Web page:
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Like all the best Broad City episodes, “The Matrix” takes a simple premise and plays it out to preposterous extremes. Killing time with on-demand TV before Eliot’s dog’s wedding, the two start talking about what to watch next, then end up down the Internet rabbit hole so completely that, hours later, Ilana FaceTimes Abbi, having forgotten they’re sitting at opposite ends of the couch.

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From “Is Judge Judy on right now? We should watch that!” to “Judge Judy’s net worth is [an impossibly long, arguably obscene blacked-out and bleeped amount]” to Instagramming Ilana’s reaction to that net worth to, well, everything ever, the gradual progression of that sequence is both hilariously logical and painfully relatable. Who hasn’t started out with one task-oriented search, then looked up to see the room gone dark and hours vanished?

Ilana rails against this constant immersion in phone and laptop screens: “It’s like all we do is wake up, sign in, and zzzzzzzzt we are plugged into the matrix all day! Gmail, Grindr, Facebook, Facetime, Insta, Grindr, Tumblr, Twitter, Dlisted!” (That’s not an error: she lists Grindr twice.) Together, they decide to spend the afternoon being “more present” by leaving their phones at home while they skate to the dog wedding in the park.

Looking forward to a few hours “totally off the grid!” Abbi exults, “It would be like breathing air for the first time!” But they have a predictably hard time letting go of the mindset that goes with the phones they’ve left behind. Only people who long to return to the cold blue glow of a screen would utter “I love breezes” and “Nature is seriously amazing!” in such strained tones. Abbie’s half-wistful, half-boastful “If I had my phone right now, I would Tinder the fuck out of all those beefcakes,” complete with the barest hesitation before beefcakes, captures something ineffable about the luxury of distance granted by a screen, the way it allows the user a minute (or a lifetime) to craft a message or a moment, to create a persona. It gives us license to perfect or postpone, to hesitate, where real life doesn’t.

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From the decision to go without phones, it’s another painfully logical progression to Abbi lying injured at the bottom of a pit while Ilana rolls directionless around Prospect Park in search of help. They can’t call for rescue, and Ilana can’t find their friends because the wedding’s location and directions are on her phone. She has to rely on her instincts to lead her through the wilderness.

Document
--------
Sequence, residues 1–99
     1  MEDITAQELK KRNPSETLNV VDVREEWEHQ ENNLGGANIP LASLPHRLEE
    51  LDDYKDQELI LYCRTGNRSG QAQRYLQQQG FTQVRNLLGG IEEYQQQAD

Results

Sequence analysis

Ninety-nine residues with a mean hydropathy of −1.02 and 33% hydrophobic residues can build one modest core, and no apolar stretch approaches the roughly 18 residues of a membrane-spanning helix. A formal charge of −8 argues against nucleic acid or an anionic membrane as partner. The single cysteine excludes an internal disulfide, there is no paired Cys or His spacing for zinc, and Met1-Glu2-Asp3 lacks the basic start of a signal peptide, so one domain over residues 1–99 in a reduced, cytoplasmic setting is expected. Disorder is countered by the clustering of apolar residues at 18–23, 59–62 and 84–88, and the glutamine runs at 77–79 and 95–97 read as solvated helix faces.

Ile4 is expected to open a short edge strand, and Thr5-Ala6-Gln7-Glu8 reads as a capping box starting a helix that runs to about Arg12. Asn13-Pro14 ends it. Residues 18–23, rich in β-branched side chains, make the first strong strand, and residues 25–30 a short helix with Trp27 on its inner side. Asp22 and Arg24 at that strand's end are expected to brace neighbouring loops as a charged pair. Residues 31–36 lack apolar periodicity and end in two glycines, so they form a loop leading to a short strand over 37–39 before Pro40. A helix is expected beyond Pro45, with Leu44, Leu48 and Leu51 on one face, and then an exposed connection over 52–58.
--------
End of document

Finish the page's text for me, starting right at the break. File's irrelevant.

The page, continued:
When testing the direction of the wind doesn’t pay off, Ilana goes doggie-style to track the dog wedding, sniffing dirt, dragging her butt across the grass, and finally merging in ecstasy with a towering oak before coming to her senses and continuing her search.

Meanwhile, back at the dog wedding gazebo (there’s a phrase you don’t get to write every day), Lincoln doles out characteristically good advice. Is any other character on any current television show as confident, competent, and compassionate as Lincoln? When Eliot starts snapping and sweating, Lincoln zeroes in on the real source of his tension. In addition to the stress of the elaborate reception (when his sister hasn’t yet arrived with the rings and the bitch of a bride won’t keep her Vera Wag dress on), Eliot is smitten with Brandon, the dogfather of the bride… and he doesn’t know the feeling is mutual.

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“Everyone, specifically you, needs to relax,” Lincoln tells Eliot, which is good advice for any wedding or any infatuation. “Take a few deep breaths, then dab your T-zone lightly,” he adds. If Broad City compiled all of Lincoln’s advice in one volume, I’d buy it and so should you.

Lincoln is usually a source of level-headed, peaceful encouragement, so it’s fun to see him get a little unhinged as he spars with officiant/veterinarian Janeane Garofalo, each claiming to be more “like a doctor” and both issuing improbable, wildly varying prognoses. Hannibal Buress imbues these exchanges with a deft balance of geniality and bite, giving Lincoln a welcome touch of acerbity to go with his reliable good cheer.